Solution: The Gold Coins. The truth here is that the warrior is honorable and is trying to save the child. The woman is willing to hand over her property for a fair price.
SCULPTURE 3: An elderly woman leans over a table with her hands laying palms up on the surface. To her right is an open book and a quill. To her left, a picture of a young man.
Further Examination: There is text carved into the book. The words “scry” and “love” can be discerned.
Solution: The Lock of Hair. The truth here is that the woman is an archmage trying to scry for her lost love and needs a piece of his body, the lock of hair, to do so.
SCULPTURE 4: Three robed figures kneel before a throne, upon which sits an elderly woman adorned with exquisite jewelry. She holds a broken skull in her hands.
Further Examination: A stone eye of the woman is removable, leaving a socket in the statue.
Solution: The Gem. The truth here is that the elderly woman is worshipped by her acolytes and is ascending into lichdom. Fitting the woman’s eye with a gem of power would complete the ritual.
CONSEQUENCES: The puzzle is designed to engender roleplaying and thoughtful discussion within the description of the narrative. If players offer an incorrect object to a statue, they should suffer creative consequences that relate to the object offered. The following are a few examples to act as guidelines in creating your own unique punishments for failure:
- The lingering man wishes death. If a dungeoneer gives him the goblet of water, the offending dungeoneer is cursed with unending, gnawing hunger that must be sated at all times. During times of intense focus, such as combat, this proves to be a deadly distraction.
- Arming the slaveholder would make her capable of attacking the warrior and the party, animating as a vengeful golem.
- The elderly woman at the table already has the books she needs and would be infuriated to have it suggested otherwise. Giving her another book will arose her wrath and launch a flurry of spells at the party.
EXPERT CHALLENGE: The statue puzzles can only be solved by placing the indicated objects. No weaseling out of the correct answer.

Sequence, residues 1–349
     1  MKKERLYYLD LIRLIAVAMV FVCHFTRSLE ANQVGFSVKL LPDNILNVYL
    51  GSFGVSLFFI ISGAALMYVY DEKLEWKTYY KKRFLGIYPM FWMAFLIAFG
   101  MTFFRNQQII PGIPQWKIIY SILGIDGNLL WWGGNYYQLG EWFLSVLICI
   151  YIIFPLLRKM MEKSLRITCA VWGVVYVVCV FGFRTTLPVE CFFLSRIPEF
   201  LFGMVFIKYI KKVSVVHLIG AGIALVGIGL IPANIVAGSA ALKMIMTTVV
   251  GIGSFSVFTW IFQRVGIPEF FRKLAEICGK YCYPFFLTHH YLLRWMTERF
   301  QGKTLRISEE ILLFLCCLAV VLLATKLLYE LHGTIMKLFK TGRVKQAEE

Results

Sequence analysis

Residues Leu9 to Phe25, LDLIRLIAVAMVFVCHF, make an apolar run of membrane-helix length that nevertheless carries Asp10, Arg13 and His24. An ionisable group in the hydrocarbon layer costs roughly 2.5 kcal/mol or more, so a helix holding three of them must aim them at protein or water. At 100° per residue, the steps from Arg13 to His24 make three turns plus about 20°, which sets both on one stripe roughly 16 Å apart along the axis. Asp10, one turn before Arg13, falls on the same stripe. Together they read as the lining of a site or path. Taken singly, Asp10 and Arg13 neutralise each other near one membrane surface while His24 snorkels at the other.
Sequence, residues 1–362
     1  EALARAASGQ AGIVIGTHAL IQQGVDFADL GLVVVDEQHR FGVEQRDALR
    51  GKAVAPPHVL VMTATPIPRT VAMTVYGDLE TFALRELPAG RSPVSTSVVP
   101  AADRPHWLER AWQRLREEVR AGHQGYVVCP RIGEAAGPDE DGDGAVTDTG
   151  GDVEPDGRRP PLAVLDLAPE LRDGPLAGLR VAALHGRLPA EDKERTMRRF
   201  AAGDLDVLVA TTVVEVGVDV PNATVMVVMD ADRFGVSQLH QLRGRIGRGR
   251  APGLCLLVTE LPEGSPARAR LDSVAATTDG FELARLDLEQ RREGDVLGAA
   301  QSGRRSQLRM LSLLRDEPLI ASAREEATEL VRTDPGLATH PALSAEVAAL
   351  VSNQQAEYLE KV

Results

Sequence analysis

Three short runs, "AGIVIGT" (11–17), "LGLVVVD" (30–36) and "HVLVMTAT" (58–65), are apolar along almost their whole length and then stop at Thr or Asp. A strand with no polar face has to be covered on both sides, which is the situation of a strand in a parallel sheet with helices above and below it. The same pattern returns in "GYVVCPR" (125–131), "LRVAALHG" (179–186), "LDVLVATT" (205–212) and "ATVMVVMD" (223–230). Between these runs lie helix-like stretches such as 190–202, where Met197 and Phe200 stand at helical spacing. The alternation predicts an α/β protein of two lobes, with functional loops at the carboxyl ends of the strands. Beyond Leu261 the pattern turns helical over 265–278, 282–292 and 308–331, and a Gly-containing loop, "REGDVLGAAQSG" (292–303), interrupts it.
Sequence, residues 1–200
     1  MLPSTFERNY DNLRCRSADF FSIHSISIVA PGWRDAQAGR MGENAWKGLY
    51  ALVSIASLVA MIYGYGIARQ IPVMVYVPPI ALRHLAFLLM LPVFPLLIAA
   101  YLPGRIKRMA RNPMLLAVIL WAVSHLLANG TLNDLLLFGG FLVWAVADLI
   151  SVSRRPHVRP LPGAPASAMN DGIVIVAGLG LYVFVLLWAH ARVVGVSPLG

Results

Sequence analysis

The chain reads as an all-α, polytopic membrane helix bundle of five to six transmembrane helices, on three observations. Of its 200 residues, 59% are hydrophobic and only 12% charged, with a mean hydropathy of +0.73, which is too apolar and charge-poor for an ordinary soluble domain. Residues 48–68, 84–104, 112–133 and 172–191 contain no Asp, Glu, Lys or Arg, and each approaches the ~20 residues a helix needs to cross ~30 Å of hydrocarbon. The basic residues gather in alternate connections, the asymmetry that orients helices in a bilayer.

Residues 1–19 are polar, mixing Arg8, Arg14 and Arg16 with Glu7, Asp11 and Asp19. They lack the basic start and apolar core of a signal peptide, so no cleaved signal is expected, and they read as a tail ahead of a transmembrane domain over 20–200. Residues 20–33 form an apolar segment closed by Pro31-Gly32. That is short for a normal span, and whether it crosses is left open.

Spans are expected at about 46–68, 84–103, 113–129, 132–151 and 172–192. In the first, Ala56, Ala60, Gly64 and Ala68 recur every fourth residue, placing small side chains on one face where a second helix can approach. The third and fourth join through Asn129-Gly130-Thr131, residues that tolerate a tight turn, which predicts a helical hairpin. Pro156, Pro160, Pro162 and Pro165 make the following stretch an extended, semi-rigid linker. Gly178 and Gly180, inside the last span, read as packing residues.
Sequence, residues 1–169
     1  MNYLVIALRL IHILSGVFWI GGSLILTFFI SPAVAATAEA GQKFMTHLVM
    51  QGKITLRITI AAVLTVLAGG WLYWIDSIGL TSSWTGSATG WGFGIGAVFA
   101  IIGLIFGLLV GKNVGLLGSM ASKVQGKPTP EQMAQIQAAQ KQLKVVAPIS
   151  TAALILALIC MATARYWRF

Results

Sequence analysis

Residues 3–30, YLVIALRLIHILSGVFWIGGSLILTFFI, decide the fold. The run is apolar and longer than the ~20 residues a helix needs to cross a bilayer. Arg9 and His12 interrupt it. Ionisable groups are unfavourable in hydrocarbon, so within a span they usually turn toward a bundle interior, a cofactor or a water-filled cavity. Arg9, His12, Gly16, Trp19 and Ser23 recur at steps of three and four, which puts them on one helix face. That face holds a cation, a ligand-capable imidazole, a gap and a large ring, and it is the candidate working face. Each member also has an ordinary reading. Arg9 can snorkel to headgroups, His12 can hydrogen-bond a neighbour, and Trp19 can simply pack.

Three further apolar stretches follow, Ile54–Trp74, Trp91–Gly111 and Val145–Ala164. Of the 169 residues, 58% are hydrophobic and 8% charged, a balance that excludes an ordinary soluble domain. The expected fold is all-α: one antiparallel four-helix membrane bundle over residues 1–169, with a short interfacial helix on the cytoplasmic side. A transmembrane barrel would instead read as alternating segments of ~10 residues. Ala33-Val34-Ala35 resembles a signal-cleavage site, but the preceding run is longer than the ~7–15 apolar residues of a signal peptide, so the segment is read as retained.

MASTER CHALLENGE: The penalty for failure is death.
by Anthony “Deuce” Franchini
- All the fruits in the verdant Garden of Kawon are poisoned. However, drinking from the Waterfall of Hextor’s Blood will heal all wounds.
- Karvax the Troglo-Ghoul fears the Warped Cudgel of Flames. Brandish it with confidence and he will obey one command.
- Filling the Fountain of Blades with saltwater grants a prophetic vision showing the triple-headed serpent-blooded Minotaurs’ weaknesses.
Once again, Andrew Pascoe comes onto the scene ready to rip off our heads and shit down our necks. This dude is on fire! Who among you has the power to stand up to this tyrant and wrest the crown away from his hands?
Masterminds, the first race to exceed the power of the warp drive by discovering nigh-instantaneous travel across the universe. To satisfy their massive power needs, and to keep the galaxy from uniting against them, they have forced the solar systems into a series of games against each other in which the loser’s sun is extracted and cheaters go nova.
by C. Steven Ross
This month’s Puzzle described above depicts four key scenes in the life of a powerful woman-become-lich, with the exact details of the life of this archmage left to speculation and conjecture. For this month’s Design Challenge, name our lich and describe to us a fifth statue depicting a pivotal moment in her terrifying unlife.